The White Wall: Are A Hundred Playing You? Or Just One?
This past spring, the Chazen Museum of Art held an exhibition displaying a gorgeous selection of works from contemporary Chinese artists. If you missed the temporary exhibition, you can still view the work of Xiang Jing at the Chazen. It recently added her piece, Are A Hundred Playing You? Or Just One?, to its permanent collection. Xiang Jing, a sculptor based out of Beijing, gained international success with her sculptural female figures, presenting human uncertainty and vulnerability in her work.
This piece presents several painted fiberglass women seated in a circle. Each has their feet in a communal shallow washbasin. A body clings to its neighbor; another appears aged and grey; yet another slouches back exhausted on her stool. A fiberglass pelican observes the women peering into the basin from a few feet away. Looking closely at the bodily structures, the viewer enjoys human detail through the various postures and rendering of the figures’ acrylic skin. Simultaneously, the setting and facial features of the women provide a surreal and emotional experience.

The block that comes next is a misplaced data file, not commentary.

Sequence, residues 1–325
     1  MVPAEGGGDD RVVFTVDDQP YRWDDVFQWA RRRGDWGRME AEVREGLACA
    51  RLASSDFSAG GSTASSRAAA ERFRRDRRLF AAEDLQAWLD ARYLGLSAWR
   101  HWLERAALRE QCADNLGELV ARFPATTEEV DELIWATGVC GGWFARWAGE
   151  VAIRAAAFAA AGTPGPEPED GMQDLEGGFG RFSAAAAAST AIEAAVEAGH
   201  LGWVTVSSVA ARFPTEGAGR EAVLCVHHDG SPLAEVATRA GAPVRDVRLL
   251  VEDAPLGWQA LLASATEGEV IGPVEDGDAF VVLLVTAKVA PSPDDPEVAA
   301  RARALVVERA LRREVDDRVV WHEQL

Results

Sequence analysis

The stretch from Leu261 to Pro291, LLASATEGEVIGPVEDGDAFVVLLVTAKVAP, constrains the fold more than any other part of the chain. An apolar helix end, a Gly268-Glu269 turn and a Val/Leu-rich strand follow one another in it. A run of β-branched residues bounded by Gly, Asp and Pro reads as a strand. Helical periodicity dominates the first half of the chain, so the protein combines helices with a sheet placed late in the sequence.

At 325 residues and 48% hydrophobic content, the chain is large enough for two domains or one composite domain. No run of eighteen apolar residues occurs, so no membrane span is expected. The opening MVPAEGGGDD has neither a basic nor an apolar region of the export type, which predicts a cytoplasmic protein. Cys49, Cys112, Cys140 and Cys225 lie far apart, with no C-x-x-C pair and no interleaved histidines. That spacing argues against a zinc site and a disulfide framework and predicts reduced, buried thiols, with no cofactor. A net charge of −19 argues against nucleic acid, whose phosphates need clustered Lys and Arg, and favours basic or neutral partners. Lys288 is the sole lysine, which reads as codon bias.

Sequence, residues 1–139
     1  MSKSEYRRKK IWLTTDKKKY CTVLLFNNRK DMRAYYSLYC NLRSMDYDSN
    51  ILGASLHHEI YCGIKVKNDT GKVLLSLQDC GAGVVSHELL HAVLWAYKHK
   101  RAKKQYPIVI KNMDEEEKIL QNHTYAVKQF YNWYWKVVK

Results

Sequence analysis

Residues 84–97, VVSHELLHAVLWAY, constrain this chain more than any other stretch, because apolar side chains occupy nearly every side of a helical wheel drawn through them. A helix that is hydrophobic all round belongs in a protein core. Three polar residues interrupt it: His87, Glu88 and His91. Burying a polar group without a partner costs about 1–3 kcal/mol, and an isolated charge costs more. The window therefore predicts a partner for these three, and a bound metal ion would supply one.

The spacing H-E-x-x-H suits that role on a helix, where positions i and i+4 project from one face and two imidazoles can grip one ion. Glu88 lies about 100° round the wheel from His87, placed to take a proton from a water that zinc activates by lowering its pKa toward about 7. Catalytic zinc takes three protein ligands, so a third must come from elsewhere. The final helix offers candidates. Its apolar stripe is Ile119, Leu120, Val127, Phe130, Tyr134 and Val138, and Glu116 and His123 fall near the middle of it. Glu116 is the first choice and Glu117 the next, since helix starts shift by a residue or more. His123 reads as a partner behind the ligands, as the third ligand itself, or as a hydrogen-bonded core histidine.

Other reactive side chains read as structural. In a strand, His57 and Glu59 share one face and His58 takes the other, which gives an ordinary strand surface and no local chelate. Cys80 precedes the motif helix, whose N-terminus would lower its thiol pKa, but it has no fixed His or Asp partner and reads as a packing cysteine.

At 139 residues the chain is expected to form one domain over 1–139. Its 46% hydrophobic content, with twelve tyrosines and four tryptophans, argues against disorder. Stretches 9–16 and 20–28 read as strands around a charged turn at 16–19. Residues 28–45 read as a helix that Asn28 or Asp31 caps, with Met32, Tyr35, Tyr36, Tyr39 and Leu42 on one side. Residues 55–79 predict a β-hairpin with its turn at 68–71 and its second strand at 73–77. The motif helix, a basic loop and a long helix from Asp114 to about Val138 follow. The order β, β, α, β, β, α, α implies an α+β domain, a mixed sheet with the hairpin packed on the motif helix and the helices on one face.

The figures created by Xiang Jing struck me in their honest representations of anxiety and insecurity—bodily and otherwise. Her individual and unidealized renderings of women both project vulnerability and provoke it from the viewer. Xiang Jing displays her technical prowess while communicating basic humanity in this piece, now on display in the permanent collection of the Chazen Museum of Art.